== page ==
Producers retain employees by being good employers. In this column, I will share some thoughts from producers, who I feel are very good employers, along with my observations of why these producers have retained their best employees. I frequent nearly 30 dairies in Minnesota, Wisconsin and Iowa, and I have the opportunity to observe and learn from some very good employers.
Be like a parent
A good employer is much like a good parent. He or she needs to possess integrity, discipline, proficiency, and he or she needs to have a keen insight into his or her employees and their needs.
If an employer is good at what he or she does, I would label him or her as proficient. When employees see their boss being successful, that inspires confidence, which is one of the building blocks of trust. Good employers know what they want in employees and help cultivate the traits they desire. For example, Chris W. knows his dairy’s procedures very well, so he has decided that he alone will train employees in milking procedure. Know what you want, and be confident that your vision is right for your farm.
Be like a teacher
A proficient employer is also much like a good teacher. Remember that training will take considerably longer with employees who don’t speak English, if you don’t have someone on staff who speaks their language. Training should take place in their native language to assure better comprehension.
Teachers don’t expect students to master a skill in one class period, and you shouldn’t either. Show, discuss, practice with supervision, discuss, show again and then let them attempt the skill or task alone.
Finally, discuss and evaluate their performance. This also means you should be present frequently to help and to answer questions as they come up. Too many employers tell someone to do something without explaining why and without really teaching the employee. Employees want to have an employer who is there working alongside them, helping and mentoring.
Discipline means sticking to what you say. Employees want to have an employer that they respect. Set your policies carefully, and choose logical consequences that you can and are willing to keep.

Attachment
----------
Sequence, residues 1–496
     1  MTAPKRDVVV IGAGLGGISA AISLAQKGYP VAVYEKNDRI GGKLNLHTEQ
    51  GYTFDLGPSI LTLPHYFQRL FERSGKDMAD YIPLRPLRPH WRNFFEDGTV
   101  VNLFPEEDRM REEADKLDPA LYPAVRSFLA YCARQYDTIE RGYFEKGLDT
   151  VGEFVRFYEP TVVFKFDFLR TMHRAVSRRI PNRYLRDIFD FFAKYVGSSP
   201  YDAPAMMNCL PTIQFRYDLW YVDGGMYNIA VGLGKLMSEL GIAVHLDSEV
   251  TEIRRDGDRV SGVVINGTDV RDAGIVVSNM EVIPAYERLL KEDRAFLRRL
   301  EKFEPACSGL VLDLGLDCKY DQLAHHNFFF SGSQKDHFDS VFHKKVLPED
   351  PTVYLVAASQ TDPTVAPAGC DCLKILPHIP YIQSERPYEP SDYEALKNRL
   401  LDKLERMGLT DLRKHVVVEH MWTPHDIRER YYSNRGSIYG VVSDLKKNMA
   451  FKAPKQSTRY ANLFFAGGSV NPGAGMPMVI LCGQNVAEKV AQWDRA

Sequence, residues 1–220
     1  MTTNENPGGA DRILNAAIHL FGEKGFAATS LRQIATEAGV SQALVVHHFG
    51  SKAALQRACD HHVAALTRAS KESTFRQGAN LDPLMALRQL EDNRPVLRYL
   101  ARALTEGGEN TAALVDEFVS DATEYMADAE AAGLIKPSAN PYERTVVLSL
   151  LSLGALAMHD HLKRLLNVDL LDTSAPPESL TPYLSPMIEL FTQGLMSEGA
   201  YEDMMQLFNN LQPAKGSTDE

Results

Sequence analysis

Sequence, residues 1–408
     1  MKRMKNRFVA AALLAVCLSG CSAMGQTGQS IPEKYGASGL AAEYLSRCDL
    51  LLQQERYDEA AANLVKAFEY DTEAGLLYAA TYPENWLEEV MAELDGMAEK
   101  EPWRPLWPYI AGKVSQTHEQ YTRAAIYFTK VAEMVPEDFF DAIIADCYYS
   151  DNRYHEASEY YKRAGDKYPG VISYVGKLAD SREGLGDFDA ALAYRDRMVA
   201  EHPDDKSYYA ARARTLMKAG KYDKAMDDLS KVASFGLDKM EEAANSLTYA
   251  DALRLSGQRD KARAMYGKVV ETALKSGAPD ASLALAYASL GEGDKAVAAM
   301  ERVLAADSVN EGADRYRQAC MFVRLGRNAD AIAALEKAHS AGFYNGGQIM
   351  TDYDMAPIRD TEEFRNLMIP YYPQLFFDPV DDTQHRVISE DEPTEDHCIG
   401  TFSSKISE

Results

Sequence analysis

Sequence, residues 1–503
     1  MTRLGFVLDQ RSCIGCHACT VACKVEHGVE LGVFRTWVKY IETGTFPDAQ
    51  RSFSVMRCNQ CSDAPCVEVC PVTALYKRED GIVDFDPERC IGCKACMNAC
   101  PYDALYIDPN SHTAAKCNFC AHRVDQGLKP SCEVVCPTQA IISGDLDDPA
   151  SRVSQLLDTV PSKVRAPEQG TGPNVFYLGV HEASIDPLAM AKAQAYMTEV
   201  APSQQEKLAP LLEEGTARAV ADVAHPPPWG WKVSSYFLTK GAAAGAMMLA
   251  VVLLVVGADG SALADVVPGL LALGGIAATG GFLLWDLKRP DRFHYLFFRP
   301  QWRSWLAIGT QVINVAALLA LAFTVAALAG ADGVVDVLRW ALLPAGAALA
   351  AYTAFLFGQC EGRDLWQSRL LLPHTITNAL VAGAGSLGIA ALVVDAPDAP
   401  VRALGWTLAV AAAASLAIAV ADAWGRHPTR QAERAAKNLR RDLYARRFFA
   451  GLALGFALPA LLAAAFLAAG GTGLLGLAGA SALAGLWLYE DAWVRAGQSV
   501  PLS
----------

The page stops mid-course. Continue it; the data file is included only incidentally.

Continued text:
For example, there was a problem in John’s farm housing with employees’ overnight guests bothering the other employees. John set the policy (without being angry, which is crucial) that if the unacceptable behavior continued, the violator would need to choose another job. The employees knew that John would enforce that rule, and without ceremony, the violator chose to find a new job. Note the choice here was the employee’s. John did not fire the employee.
Foster job security
Possibly one of the most important things to an employee is to be confident he or she will have steady employment. This means the absence of fear of being fired. Though it seems counter-intuitive, this fear is a big hindrance to higher job performance. Most people perform worse under threat. You might get better results at the beginning, but if an employee frequently hears the threat of firing, he or she begins to resent the employer and will not perform as well. John´s farm has a no-fire policy.
When there is a problem, John assumes part of the problem lies with him. He needs to talk to and retrain the employee until the skill or task is understood and performed correctly. The results of this are apparent. John’s farm has very high-quality milk, is profitable and has a waiting list of job applicants, even though he pays no more than other employers.
Empowering is much more effective than threats. This leads to integrity. When something goes wrong, it is very important to look equally within yourself and to others for causes and solutions. It is much easier to blame others than to look first at what you may have contributed to the situation.
Integrity means leading rather than ruling. If you rule, you can tell others what to do regardless of your actions. If you lead, you need to apply the same standards to yourself that you do to your employees. How can you blame someone who takes home something from work if you have ever cooked the books?
Integrity means having compassion and understanding when appropriate. It means caring about your employees more than just what they represent to your productivity.
Fill their needs
Finally, a good employer needs to understand his employees and their needs. They fill your need so your farm will be successful. You have a responsibility to them, more than just a paycheck. You have a responsibility to provide them with an environment that fosters job security and to help them realize their potential.
Marty helped Margarito earn a certificate as a basic dairy worker through the Mexican government. Margarito doesn’t read. When Margarito learned that he had earned this certificate and had passed the test (due, in part, to Marty’s training), I saw the joy and pride beaming through his tear-filled eyes. Today, almost three years later, he is one of Marty’s most trusted and valued employees. Marty has given Margarito more responsibility, and now he is almost completely in charge of calf feeding. Best of all, Marty and Margarito both rely on each other. Marty knows if he asks Margarito to do something, it will be done. That’s mutual respect and trust. We all want that.
Employees need and deserve employers who possess and embody the characteristics I have described. We all want and need a paycheck, but there is so much more to this relationship. Dare to try it. PD